Tuesday, March 10, 2009

The Greeks and their “Pyrrhic” Victory

I ended the last post talking about the Roman’s growing interest in the foot of Italy after the appeal of Thurii in 285 B.C. Later, in 282, Thurii again asked for help so Rome sent a small fleet to the Gulf of Tarentum to assess the situation. More than likely the Romans were exercising a show of support for the aristocrats of Tarentum who were trying to regain power from the democratic faction running the city. Whatever the reason, the convoy was attacked by the Tarentines, and four of the Roman ships were sunk.

Rome dispatched an envoy carrying a protest and he was purposely insulted. The Tarentines clearly wanted a war and they appealed to the Greek King Pyrrhus of Eprius for support.

In 281, the consul L. Aemilianus Barbula was sent with an army and an ultimatum for Tarantum to compensate for the attack on the convoy or face the consequences. The Tarentines were at the point of capitulation when the envoy from Pyrrhus arrived with a message saying the king would lend them a hand.

Pyrrhus, always the adventurer, was ready to move away from the frustrations of Greek politics and pursue something more interesting. As the son-in-law of Agathocles King of Syracuse and a relative of Alexander the Great, he had a legacy to apply to empire building in the west. Courageous, ambitious, and skillful, Pyrrhus would present a challenge to the Roman citizen army.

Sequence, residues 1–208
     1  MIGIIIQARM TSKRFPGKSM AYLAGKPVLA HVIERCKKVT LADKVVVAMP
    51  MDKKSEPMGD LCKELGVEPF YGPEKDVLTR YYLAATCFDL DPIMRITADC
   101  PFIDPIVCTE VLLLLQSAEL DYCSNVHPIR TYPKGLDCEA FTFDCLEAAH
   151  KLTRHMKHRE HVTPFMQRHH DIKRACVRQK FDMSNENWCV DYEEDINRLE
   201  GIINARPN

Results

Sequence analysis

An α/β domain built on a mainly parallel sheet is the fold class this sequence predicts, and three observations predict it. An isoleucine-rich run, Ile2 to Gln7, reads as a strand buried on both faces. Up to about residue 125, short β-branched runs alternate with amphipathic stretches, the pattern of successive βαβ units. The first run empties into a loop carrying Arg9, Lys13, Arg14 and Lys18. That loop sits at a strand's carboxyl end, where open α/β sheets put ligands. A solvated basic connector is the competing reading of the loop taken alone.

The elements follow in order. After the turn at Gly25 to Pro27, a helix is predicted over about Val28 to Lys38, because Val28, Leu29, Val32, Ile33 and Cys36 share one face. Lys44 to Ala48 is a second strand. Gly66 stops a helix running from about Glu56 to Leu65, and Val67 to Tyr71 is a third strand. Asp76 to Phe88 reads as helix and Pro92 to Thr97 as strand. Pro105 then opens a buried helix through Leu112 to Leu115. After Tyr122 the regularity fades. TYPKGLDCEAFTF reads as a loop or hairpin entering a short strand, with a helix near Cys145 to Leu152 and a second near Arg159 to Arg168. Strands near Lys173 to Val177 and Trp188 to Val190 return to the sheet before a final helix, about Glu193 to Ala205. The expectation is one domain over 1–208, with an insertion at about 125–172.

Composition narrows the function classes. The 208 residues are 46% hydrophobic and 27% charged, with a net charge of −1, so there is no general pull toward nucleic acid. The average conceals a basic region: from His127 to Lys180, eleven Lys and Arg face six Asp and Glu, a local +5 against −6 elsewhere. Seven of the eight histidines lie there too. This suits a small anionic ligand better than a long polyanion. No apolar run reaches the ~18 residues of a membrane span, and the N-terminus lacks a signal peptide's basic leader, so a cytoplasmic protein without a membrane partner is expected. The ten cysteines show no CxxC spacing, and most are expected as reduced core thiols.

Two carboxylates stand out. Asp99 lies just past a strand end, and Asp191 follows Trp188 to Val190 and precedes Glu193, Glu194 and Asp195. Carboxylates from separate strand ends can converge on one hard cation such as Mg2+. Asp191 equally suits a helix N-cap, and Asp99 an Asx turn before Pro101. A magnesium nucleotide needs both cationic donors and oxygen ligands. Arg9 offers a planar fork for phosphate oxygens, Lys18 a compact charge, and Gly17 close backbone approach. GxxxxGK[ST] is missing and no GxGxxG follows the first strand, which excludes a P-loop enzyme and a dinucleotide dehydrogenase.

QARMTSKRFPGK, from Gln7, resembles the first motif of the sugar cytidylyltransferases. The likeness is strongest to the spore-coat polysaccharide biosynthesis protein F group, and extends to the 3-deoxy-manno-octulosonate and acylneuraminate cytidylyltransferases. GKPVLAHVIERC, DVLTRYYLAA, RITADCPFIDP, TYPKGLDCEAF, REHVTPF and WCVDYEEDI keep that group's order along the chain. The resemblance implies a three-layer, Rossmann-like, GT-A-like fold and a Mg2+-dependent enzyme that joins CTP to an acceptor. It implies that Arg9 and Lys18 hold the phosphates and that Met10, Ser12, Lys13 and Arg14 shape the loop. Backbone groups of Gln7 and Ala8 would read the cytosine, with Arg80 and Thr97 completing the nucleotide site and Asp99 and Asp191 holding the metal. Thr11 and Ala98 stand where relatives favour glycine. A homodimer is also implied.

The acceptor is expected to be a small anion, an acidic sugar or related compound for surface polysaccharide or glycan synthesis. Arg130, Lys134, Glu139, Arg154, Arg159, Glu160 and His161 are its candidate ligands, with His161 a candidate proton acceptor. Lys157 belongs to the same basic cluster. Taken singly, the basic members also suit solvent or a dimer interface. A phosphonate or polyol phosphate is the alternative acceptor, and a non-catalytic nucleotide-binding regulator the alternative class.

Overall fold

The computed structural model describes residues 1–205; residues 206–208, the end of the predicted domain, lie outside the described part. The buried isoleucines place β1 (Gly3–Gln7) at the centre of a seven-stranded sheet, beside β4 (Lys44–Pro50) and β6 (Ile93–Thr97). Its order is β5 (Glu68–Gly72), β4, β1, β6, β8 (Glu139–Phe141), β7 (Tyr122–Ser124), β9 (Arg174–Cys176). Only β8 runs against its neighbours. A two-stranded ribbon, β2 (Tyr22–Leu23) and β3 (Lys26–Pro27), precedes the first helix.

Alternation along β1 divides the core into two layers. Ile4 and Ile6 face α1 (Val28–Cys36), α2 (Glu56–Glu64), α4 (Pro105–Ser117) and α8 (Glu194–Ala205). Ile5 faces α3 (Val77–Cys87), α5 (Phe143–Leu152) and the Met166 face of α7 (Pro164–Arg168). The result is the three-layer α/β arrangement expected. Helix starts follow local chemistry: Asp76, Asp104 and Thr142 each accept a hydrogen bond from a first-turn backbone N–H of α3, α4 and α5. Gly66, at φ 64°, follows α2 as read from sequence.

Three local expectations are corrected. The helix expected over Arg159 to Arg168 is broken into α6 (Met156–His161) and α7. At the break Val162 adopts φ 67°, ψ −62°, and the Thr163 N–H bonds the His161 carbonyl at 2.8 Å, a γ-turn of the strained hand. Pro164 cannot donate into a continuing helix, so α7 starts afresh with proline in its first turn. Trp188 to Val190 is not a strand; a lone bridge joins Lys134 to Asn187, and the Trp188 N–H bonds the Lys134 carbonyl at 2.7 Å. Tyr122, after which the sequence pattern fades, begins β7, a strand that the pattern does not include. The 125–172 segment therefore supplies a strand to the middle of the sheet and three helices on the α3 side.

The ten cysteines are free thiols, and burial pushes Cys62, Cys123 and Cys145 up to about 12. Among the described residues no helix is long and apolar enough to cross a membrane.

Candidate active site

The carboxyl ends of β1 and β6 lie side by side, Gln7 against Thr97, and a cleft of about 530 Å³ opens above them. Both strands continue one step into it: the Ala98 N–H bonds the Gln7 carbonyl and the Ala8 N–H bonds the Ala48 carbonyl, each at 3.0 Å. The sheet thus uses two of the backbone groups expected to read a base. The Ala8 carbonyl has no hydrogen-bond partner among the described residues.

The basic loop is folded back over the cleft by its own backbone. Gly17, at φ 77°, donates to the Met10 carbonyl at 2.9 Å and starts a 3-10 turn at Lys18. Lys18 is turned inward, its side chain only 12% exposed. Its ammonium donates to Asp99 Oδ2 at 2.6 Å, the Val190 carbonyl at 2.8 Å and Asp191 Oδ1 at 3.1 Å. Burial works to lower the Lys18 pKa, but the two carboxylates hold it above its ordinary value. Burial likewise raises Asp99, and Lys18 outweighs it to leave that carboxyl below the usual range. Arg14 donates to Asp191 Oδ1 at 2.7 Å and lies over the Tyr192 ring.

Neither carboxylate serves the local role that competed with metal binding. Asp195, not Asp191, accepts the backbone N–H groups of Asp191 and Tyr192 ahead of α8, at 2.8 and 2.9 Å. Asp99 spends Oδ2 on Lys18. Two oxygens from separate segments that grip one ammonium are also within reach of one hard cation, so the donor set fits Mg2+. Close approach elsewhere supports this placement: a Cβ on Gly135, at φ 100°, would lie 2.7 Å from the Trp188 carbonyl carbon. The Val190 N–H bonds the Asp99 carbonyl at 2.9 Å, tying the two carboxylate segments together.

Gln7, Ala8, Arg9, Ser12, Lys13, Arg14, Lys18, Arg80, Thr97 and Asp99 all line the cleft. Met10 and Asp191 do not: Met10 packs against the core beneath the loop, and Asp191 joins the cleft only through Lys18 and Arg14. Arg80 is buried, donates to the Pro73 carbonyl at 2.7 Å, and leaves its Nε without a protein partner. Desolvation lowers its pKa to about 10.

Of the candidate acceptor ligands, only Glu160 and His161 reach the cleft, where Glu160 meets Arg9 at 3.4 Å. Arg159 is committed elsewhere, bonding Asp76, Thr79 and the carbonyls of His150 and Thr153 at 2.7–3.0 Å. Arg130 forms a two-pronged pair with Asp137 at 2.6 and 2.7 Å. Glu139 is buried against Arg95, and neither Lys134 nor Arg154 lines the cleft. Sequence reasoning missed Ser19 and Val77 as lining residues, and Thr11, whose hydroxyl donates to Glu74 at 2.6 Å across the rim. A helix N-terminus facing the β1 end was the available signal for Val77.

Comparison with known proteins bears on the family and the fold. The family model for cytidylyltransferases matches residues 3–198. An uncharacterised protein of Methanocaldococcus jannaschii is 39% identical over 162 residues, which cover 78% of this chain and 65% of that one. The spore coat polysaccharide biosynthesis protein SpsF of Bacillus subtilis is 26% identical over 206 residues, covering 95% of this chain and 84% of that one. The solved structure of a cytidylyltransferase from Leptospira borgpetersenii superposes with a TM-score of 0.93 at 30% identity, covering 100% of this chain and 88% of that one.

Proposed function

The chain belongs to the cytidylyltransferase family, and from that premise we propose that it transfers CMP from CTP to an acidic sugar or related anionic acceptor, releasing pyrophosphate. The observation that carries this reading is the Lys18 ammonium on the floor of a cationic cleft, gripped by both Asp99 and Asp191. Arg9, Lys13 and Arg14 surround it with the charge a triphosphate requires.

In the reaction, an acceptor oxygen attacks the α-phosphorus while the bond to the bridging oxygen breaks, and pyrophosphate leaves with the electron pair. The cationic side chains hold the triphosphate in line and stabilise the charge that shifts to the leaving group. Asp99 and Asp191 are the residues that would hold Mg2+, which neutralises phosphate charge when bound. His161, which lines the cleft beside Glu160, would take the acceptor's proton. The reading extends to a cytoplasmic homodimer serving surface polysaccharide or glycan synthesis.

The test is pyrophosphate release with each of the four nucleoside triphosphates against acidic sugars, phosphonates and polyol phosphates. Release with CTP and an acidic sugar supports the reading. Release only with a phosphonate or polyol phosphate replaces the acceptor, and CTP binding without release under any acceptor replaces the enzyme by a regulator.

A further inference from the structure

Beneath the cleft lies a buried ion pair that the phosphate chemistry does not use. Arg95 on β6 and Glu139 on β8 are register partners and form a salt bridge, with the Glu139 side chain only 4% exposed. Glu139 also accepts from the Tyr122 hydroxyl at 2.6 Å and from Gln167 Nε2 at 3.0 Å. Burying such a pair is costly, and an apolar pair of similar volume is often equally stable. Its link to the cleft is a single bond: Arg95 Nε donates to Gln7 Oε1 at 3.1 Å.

He arrived in Tarentum in 280 with 25,000 professional soldiers and 20 elephants. That summer he met the consul Valerius Laevinus in the Battle of Heraclea. The Romans had never fought the Greek Phalanx before and the horses of their cavalry were frightened by the elephants. Pyrrhus won the battle, leaving 4,000 men on the field versus Rome’s 7,000, but his victory was dubious (dubbed Pyrrhic later) because in a foreign land he could not afford significant losses with no way to obtain new recruits.

After the battle, Pyrrhus, anticipating Hannibal, raced for Rome hoping to turn the Roman allies to his side. Forty miles from the city, he gave up and returned to Tarentum after the Roman allies closed their gates to him. In the spring of 279, he fought the Romans again at Asculum and won a second dubious victory, but by then he had become bored with Italy and looked to move on to the next adventure. He transferred his army to Sicily in 278 after an appeal for help from Syracuse, was proclaimed king, and defeated the Carthaginians before heading back to Tarentum in 276.

The Romans used two consular armies to push Pyrrhus out of Italy in 275 and he was finished in Rome for good. Two years later he was killed in Argos when he was hit in the head by a roof tile thrown by a woman during a riot.

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